Legal Insurance in the United States
Plans that allow persons to prepay legal services. Legal Insurance (Judicial Personnel issue) plans are similar in design to insurance programs for medical services. Legal Insurance (Judicial Personnel issue) may be available as part of an employee benefit plan, although persons may individually subscribe as well. The plans that are available vary considerably, but most entitle subscribers to a specific amount of attorney time annually. Insured persons are either able to consult any attorney of their choice or select a lawyer from a specified group. Current estimates indicate that between five and ten million people are covered by Legal Insurance (Judicial Personnel issue) plans in the United States.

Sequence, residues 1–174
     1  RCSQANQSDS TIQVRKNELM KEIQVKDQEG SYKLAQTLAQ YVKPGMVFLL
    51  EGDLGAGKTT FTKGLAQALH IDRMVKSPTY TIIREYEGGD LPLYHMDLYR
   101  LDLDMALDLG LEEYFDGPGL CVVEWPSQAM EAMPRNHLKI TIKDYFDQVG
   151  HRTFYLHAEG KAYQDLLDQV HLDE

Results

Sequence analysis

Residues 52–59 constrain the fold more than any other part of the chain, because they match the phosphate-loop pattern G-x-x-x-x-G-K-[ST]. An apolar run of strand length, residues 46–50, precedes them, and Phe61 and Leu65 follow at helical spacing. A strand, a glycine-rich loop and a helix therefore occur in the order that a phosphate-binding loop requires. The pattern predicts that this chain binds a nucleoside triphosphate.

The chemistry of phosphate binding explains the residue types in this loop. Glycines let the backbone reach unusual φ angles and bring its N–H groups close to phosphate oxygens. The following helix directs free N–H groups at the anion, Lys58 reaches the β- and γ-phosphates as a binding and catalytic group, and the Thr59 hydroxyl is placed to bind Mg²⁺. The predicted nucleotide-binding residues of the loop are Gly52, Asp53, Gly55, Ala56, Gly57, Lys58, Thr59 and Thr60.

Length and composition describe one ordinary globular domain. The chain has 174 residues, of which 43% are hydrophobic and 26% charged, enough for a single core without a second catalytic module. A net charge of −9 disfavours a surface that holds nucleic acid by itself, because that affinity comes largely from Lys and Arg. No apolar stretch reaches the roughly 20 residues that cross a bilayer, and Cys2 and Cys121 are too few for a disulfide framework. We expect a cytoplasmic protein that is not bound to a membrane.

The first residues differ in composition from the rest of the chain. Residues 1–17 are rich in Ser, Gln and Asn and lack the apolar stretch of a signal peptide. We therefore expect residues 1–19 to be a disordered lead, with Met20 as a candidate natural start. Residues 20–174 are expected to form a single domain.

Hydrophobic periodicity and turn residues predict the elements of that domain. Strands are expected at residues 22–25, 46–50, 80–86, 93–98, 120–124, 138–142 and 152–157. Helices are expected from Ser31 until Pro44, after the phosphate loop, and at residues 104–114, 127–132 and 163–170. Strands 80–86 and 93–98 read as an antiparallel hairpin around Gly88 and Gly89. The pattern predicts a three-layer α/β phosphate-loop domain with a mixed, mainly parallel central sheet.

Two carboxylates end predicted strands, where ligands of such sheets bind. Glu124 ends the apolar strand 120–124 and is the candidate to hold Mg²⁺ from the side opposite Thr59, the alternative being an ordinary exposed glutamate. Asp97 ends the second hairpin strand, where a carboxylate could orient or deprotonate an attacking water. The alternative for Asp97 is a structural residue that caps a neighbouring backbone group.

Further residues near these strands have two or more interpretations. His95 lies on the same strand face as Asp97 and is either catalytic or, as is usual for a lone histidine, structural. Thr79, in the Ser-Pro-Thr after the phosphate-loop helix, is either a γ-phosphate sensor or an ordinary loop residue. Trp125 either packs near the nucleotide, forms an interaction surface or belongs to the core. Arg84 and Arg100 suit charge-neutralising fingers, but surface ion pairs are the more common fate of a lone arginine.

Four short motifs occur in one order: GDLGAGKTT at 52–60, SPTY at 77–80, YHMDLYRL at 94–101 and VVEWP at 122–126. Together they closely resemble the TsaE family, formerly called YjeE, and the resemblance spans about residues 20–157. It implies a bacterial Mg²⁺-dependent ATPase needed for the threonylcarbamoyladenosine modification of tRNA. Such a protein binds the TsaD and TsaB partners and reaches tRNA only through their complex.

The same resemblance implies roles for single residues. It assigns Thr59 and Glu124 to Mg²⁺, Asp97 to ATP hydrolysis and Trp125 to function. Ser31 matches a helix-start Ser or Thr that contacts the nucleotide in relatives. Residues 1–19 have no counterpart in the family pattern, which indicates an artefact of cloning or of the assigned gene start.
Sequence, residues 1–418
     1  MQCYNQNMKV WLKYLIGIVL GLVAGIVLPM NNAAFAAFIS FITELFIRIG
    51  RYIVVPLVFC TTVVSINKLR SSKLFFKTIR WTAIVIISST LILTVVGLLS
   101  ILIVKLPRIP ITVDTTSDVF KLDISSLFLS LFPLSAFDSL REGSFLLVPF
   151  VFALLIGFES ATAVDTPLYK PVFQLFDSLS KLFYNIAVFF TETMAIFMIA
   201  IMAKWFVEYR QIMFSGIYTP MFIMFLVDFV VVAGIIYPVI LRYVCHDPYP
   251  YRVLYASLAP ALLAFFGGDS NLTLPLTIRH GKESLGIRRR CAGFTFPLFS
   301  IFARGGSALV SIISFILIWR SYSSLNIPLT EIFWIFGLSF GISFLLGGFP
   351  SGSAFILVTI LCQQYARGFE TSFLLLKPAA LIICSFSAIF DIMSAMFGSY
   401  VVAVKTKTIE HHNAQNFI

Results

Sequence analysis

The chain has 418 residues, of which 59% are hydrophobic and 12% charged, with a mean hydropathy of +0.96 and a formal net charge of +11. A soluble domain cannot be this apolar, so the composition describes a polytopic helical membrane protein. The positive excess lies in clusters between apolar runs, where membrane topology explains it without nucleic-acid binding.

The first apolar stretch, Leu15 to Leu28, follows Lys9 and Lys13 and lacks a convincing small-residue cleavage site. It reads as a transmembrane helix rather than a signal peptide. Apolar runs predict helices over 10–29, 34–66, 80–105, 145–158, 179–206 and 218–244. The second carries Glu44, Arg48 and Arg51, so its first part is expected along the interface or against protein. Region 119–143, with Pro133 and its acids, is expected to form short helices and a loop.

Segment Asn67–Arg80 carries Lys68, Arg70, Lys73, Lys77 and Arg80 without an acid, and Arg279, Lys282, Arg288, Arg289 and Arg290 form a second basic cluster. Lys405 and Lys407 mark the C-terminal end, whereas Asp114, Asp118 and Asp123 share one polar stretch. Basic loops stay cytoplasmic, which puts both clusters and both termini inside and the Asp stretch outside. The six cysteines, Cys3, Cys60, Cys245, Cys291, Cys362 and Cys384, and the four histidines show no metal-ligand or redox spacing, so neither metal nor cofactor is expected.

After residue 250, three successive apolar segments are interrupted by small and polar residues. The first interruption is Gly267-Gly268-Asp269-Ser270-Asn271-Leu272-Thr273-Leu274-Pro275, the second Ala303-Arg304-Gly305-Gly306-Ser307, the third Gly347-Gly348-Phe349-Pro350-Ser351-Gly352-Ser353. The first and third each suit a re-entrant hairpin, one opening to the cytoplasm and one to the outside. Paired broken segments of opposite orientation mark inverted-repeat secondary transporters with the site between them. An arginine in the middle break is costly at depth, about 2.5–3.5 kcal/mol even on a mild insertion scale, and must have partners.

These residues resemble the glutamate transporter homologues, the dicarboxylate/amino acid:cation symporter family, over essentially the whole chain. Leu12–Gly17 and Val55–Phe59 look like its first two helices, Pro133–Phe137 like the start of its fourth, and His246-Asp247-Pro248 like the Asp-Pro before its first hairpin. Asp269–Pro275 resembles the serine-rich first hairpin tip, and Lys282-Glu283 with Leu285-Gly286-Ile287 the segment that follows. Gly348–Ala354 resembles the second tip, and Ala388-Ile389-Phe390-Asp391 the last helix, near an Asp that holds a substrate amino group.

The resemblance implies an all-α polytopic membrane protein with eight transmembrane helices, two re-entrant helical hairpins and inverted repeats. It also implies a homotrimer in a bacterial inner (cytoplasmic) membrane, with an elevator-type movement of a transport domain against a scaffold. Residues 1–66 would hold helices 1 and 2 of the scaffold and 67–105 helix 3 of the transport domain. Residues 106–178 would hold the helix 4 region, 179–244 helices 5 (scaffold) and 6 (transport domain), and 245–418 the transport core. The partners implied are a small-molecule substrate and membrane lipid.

Analysis and Relevance
Legal Insurance ( U.S.) plans were devised to improve access of the nonindigent to legal services. Such insurance plans are not governmental programs, but rather come exclusively from private insurance companies. Persons who subscribe as individuals utilize plans more fully than do persons whose plans are provided as a job benefit. As a rule, these plans are used to respond to such legal problems as divorce, child custody and support, and wills rather than business matters. Legal Insurance ( U.S.) plans have been reasonably well received, although people generally attach less urgency to prepaid legal services than to medical insurance. At the same time, Legal Insurance ( U.S.) represents one method by which the economic middle class can gain greater access to legal services.
Notes and References
- Definition of Legal Insurance from the American Law Dictionary, 1991, California